The "youth corps" did a lot of the trail breaking. This was expected but we all welcomed it. That year there was about 8-10 inches of fresh snow near timberline -- soft, fluffy and pristine. Photographer Jim Bates took advanatage of this by having Bob Stafford lead us off the trail to climb over fallen logs and between trees covered with snow. There was a lot of snow through Dismal Forest but I don't remember it being extraordinarily deep above timberline -- deep in some spots, crusty in others, and windswept elsewhere -- typical AdAmAn conditions.
It was also very common for the first climbers who arrived at the summit to remove their packs and, without much delay, head back down to help the other climbers on the last leg. I remember doing this. We also set up the fireworks mortars, which were two steel rectangular boxes roughly three by five feet and maybe two feet, or a little more, deep. There were two boxes and each held one 6-inch in diameter steel pipe and one 8-inch. The boxes were positioned for the show and sand was packed around the pipes. The sand was a safety precaution to absorb the concussion of a misfire if a firework shell blew up in the pipe.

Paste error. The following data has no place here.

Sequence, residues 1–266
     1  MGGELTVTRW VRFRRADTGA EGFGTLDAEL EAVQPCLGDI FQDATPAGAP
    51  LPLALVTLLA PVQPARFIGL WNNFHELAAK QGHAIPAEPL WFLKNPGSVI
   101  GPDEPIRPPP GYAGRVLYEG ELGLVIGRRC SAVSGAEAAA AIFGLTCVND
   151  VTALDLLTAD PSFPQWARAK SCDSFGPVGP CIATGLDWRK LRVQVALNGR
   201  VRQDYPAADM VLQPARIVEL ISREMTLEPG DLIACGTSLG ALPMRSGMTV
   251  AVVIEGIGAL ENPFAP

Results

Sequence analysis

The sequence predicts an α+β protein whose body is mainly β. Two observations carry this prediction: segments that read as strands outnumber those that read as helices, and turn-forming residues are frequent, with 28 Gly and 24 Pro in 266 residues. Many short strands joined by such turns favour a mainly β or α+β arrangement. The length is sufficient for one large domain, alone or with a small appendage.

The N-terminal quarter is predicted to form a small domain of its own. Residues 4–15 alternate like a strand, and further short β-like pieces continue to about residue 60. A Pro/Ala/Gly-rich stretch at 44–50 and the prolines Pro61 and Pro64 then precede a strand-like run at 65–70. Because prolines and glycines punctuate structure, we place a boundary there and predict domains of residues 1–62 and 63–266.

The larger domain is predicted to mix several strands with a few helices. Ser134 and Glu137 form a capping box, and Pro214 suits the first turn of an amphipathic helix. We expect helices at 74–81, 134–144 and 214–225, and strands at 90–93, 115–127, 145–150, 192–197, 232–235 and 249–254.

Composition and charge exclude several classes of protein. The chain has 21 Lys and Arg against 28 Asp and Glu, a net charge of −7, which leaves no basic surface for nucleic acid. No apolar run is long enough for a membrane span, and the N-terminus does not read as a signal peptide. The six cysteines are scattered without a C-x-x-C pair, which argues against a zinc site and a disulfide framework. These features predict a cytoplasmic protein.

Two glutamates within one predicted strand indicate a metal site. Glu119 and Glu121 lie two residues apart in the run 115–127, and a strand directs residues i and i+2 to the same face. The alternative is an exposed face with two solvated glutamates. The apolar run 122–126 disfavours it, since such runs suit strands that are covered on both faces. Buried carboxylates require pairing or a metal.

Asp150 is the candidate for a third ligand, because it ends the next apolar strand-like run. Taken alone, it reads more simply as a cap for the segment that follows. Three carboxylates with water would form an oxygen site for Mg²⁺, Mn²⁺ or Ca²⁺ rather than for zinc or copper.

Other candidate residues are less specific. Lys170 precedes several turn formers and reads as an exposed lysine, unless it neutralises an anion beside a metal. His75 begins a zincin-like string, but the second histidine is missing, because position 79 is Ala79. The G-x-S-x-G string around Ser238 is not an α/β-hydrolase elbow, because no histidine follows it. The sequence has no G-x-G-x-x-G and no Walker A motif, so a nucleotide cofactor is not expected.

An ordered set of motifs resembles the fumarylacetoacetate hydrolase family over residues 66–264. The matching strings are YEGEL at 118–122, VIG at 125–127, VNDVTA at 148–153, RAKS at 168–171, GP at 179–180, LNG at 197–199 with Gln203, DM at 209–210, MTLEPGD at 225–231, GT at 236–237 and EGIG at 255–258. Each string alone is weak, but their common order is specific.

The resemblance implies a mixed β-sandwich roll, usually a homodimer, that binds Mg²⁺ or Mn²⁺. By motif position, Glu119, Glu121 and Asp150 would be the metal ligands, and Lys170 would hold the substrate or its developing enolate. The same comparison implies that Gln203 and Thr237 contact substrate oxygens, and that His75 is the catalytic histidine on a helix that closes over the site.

Member Lyman Blakeman, who had retired from making the climb, would arrive on the summit well before our arrival to have hot chocolate and soup ready for us. This was a godsend. In contrast to recent times, that was the extent of the communal food. Otherwise, each of us prepared our own dinner in the summit house.
Throughout the climb, one or two members would carry a radio from one of the commercial radio stations in Colorado Springs and give play-by-play accounts of the climb. Ed Wallick was particularly famous for this, and gave some really animated -- and sometimes dramatic -- explanations of our antics. On the summit, the radio broadcast continued all evening long, with the public calling in to ask questions or make comments. Many of the callers were, of course, family members or friends. Climbers would be crowded into one of the larger backrooms of the summit house to listen, or to periodically respond to callers. Others would retreat to the larger restaurant and shop area of the summit house to cook, visit, or sleep wistfully.
Besides Lyman Blakeman, several other retired members were on the summit and there were others who had driven to Glen Cove that morning and hiked up the road. Bob Ellingwood was one of the retired members and was our "Firemaster," the guy in charge of overseeing the fireworks show. I was among his recruits that evening for the show.